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Saint John police reach stalemate with city in contract talks

Click to play video 'Saint John-police association contract talks break down' Saint John-police association contract talks break down
WATCH: Contract negotiations between the City of Saint John and its police association have barely begun, and already they've broken down.

The union representing Saint John’s police force says contract negotiations with the city have broken down.

At a press conference on Thursday, Duane Squires, president of the Saint John Police Association (SJPA), and SJPA spokesperson Bob Davidson said negotiations came to an end shortly after they began.

The stalemate leaves the police force without a contract after the most recent collective agreement between the two expired at the end of 2019.

READ MORE: Saint John explores selling, leasing TD Station operations ahead of looming budget deficit

The SJPA wants the city’s officers paid at least the same as their Fredericton counterpart, but the city says the money just isn’t there.

“Every fair-minded person in Saint John would not visualize the Saint John police making less than the Fredericton police. That’s nonsensical,” said Davidson.

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Saint John is facing an $11-million deficit as a provincial funding agreement expires.

After news broke last week that the force was expected to make $1 million in cuts, the failure to reach a deal came as no surprise.

“When you come in with a mandate that ties your hands, you can’t negotiate. That’s the problem,” said Squires.

Click to play video 'Saint John Council continues to grapple with budget shortfall' Saint John Council continues to grapple with budget shortfall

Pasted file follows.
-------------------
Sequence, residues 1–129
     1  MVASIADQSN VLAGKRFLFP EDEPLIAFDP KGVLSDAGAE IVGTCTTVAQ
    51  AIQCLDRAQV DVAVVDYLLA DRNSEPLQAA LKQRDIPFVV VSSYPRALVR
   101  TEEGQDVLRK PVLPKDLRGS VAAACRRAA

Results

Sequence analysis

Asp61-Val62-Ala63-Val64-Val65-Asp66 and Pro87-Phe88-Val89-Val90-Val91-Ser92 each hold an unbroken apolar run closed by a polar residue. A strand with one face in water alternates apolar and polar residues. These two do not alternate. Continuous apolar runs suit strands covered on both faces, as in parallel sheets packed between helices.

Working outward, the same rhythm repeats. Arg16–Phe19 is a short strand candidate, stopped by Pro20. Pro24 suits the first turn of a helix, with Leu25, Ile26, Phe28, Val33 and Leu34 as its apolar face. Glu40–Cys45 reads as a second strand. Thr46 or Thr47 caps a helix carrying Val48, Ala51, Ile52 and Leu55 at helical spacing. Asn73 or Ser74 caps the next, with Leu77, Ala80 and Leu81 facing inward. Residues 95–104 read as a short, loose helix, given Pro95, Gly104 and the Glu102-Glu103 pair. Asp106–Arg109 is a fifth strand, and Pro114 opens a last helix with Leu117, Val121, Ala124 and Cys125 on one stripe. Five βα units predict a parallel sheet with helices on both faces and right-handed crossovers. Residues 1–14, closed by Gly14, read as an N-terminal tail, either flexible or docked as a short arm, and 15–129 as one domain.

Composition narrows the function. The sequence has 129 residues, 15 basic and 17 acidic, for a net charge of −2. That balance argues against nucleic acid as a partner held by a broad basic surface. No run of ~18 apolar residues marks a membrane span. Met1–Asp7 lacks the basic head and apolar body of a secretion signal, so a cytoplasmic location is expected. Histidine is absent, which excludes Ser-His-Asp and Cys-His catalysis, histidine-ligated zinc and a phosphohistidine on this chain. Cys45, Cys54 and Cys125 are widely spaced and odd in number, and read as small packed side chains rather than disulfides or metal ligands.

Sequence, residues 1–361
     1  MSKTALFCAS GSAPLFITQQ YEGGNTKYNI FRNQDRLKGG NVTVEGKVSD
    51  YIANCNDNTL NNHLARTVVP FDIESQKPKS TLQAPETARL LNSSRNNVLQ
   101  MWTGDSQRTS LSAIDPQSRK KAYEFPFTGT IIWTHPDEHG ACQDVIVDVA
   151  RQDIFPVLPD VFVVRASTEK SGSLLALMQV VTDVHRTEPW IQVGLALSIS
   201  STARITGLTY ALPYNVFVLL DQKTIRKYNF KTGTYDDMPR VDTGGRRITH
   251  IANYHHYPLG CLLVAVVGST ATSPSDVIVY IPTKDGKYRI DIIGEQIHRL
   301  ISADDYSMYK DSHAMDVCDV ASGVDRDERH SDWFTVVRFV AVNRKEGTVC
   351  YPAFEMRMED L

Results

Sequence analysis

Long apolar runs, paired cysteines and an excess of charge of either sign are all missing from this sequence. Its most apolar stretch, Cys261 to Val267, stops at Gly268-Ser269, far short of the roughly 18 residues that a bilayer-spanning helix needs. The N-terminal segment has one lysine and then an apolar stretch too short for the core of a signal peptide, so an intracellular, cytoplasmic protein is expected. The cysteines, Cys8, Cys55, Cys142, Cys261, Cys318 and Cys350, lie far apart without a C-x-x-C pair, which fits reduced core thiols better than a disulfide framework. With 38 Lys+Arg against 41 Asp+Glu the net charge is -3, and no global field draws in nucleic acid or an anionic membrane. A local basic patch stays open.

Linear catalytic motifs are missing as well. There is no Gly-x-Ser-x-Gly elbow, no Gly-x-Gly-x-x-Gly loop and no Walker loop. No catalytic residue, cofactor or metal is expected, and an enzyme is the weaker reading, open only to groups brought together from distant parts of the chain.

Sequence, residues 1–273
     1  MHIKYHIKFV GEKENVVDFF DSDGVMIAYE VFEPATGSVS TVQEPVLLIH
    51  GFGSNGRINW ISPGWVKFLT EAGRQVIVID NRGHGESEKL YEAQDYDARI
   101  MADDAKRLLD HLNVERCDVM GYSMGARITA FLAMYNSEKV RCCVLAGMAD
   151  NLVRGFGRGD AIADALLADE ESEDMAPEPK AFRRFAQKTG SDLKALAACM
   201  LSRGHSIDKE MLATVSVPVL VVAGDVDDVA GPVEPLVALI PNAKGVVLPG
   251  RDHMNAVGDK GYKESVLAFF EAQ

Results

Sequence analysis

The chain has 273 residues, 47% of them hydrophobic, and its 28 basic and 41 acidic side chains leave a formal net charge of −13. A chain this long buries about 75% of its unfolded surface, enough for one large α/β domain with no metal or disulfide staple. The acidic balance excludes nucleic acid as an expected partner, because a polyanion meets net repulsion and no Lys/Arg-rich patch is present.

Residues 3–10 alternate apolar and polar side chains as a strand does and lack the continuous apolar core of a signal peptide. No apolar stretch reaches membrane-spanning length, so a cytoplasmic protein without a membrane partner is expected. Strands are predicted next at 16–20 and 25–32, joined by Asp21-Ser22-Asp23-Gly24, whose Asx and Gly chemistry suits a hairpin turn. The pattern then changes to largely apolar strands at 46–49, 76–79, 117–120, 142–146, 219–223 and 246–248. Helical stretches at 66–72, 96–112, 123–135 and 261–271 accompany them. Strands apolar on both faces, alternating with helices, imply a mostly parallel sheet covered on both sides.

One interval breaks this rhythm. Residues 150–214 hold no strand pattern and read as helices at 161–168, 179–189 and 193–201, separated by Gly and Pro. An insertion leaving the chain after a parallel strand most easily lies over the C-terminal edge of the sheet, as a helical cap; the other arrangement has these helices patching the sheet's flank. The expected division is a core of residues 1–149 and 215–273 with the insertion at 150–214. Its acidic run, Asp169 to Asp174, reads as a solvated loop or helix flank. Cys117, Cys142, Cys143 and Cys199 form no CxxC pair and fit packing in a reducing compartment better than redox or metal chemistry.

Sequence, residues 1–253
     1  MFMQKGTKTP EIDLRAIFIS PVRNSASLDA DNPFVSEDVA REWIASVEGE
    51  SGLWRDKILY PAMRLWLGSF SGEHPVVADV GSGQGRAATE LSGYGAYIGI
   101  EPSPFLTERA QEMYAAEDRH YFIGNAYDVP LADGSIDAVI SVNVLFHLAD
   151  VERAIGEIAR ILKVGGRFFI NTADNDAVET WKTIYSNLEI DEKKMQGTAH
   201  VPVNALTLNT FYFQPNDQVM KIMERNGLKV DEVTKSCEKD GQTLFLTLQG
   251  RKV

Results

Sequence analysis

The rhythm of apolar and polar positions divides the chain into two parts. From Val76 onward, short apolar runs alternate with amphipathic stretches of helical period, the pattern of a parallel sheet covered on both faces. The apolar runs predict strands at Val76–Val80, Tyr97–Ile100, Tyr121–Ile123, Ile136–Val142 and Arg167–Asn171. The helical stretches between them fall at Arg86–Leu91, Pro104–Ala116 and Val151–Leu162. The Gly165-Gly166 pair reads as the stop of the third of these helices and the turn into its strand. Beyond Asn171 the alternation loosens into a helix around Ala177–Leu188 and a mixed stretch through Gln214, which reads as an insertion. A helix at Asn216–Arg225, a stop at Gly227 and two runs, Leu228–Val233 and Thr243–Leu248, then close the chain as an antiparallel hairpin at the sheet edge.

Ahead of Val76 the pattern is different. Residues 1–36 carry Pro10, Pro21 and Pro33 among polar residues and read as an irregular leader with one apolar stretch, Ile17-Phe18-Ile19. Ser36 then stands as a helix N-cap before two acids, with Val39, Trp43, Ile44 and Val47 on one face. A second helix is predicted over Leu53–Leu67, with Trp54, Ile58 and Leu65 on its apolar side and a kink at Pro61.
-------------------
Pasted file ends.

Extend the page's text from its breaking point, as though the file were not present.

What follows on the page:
Saint John Council continues to grapple with budget shortfall

Saint John Mayor Don Darling, speaking on behalf of the City of Saint John, said he was disappointed to learn the SJPA had “walked away from negotiations” with the Saint John Police Commission.

In a statement issued late on Thursday, Darling said the SJPA’s decision to apply for a conciliation officer — a first step towards binding arbitration — was “discouraging since we need them to part of a solution for a sustainable Saint John.”

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“As a city, we have committed to addressing our cost problem,” said Darling.

“Every service within the city must be part of the solution to help achieve growth, cost-savings and long-term financial sustainability for Saint John.”

In the event of binding arbitration, an independent third party would determine the rules of a new contract.

When asked about the next steps, Davidson says it’s expected that a conciliation officer will meet with both the union and the city sometime next week.